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  2. Not quite, they were around as thing went up ...

    Hey, go read about Batman Unseen, tis spiffy!

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  3. They were actually on the case a week ago - Cassandra Cain was tracking the semtex all the way from Hong Kong in Batman Inc 6!

    I'm trying to decide if they've been using Eliot Brown's Gotham City maps from the No Man's Land era for the geography. It looks pretty close.

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  4. Has Gotham's location changed? Many years ago it was just across the river from Metropolis; thus, many bridges would be shared with Superman's city. I always thought it was a bad idea to put the two cities so close together. Icons need room, y'know?

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  5. Ah, good spot, Jules ... that BI was such a rollercoaster that I never made the connection. I saw the Dick Sprang-ish Bruce on page two and just grinned inanely through the rest of the issue.

    That 'over the bridge' bit, Carol, am I right in remembering that came from Murray Boltinoff-edited Worlds Finest, when we had Super-Sons and El Monstro?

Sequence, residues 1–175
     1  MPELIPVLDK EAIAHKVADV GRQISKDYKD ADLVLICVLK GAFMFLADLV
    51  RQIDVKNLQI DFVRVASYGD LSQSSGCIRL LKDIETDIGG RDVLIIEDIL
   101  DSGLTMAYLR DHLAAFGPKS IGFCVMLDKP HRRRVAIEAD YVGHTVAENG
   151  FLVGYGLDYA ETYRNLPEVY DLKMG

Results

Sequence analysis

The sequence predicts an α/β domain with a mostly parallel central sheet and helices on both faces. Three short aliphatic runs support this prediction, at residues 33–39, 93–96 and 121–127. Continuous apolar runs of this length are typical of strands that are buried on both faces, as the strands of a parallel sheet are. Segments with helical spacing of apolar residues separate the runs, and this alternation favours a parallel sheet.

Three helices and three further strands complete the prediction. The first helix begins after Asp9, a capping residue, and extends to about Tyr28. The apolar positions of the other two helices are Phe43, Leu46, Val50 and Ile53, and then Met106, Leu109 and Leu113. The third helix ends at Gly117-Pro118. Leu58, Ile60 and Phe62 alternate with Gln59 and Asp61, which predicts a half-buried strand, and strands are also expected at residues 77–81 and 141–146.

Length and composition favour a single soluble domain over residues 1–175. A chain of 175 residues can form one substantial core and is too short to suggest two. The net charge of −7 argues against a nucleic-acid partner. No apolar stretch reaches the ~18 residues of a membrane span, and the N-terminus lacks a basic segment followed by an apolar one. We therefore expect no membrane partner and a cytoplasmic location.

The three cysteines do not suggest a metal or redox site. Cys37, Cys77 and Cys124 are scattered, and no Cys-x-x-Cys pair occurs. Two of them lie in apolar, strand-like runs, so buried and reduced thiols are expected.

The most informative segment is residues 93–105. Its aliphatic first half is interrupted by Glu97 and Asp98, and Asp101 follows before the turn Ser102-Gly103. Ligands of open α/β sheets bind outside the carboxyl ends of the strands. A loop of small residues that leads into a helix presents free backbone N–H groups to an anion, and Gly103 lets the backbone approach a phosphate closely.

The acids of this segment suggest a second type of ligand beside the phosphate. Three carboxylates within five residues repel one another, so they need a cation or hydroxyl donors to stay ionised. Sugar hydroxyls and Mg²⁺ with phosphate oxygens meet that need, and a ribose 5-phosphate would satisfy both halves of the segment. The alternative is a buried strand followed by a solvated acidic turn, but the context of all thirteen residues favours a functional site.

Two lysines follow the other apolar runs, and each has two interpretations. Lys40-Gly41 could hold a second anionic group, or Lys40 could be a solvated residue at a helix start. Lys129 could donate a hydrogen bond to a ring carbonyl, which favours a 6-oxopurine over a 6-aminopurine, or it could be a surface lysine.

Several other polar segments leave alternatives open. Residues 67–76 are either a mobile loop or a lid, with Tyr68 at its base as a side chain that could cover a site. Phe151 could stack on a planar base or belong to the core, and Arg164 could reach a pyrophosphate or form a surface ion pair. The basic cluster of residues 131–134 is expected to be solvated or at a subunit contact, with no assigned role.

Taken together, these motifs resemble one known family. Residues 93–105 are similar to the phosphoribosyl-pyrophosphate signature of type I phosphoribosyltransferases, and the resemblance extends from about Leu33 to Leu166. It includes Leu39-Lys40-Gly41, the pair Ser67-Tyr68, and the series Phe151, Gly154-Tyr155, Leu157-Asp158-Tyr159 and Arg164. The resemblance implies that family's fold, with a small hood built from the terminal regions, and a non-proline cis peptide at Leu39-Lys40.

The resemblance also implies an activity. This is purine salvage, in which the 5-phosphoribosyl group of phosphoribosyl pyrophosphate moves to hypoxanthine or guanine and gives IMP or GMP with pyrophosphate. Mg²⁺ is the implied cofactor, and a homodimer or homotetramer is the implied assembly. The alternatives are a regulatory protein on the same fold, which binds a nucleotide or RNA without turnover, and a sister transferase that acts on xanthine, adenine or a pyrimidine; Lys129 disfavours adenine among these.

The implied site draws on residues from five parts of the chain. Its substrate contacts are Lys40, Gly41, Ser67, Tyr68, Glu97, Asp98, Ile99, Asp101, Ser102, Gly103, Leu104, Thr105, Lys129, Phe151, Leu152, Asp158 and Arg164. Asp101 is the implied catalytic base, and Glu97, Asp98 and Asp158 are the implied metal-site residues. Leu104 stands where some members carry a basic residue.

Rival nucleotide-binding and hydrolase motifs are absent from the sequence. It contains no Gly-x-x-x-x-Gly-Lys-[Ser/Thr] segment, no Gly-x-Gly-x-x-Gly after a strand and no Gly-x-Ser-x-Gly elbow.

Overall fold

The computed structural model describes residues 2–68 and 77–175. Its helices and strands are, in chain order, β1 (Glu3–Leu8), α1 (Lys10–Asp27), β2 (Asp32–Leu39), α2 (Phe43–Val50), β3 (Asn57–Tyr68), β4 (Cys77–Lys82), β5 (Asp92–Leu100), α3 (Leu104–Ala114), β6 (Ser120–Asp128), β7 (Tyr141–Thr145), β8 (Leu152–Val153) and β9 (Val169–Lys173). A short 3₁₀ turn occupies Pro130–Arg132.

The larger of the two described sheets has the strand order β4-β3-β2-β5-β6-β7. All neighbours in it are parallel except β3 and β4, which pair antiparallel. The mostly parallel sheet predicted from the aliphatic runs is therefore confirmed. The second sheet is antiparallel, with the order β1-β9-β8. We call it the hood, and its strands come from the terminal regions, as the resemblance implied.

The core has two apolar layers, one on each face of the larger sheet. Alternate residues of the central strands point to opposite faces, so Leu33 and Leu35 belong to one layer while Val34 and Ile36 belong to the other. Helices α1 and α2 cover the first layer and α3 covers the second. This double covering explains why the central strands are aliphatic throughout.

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  6. I'm really liking Chris Burnham's art. His faces are a bit cartoony, but the expressions are priceless. Especially when it comes to Bruce.

    It's been 10-15 years since I've read the Superman titles regularly, but I always got the feel from post-Crisis Gotham and Metropolis that they were along the coast from each other, close-ish but not next door. Gotham's nearest sizeable neighbour nowadays is/was the radioactive crater formerly known as Bludhaven and I think that was supposed to be about 30 miles.

    If Metropolis was across the river, it'd have been hit by the earthquake and presumably it would have been a lot more difficult then to justify blowing the bridges and cutting Gotham off.

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  7. Right, as an experiment, I'm going to guess at a Superman run of the last 15 years which you might enjoy - Kurt Busiek's. Have a scan of a trade sometime, if you have a few minutes!

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  8. If I may indulge in cross-post behavior, I wrote something on DC cities locations a couple months back that attracted some interesting comments on this matter. And then redrew the U.S. map to 60 states, including a spot for Gotham.

    As for the comic, I really loved the art and urgent pace, even if I was heavily reminded of the story in which explosions "revealed" Anton Furst's (movie) Gotham.

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  9. Thabnks for the link, cross-blog posting is encouraged!

    Ah, the mad bomber of Gotham City, one of the stupidest stories ever. Everyone in Gotham forgot old, spooky buildings existed because new ones had been built in front. Was it some kind of meta-fictive commentary on the planes available for comic book characters to move in?

    All DC had to do was ask artists to start drawing the new-look Gotham, not explain it.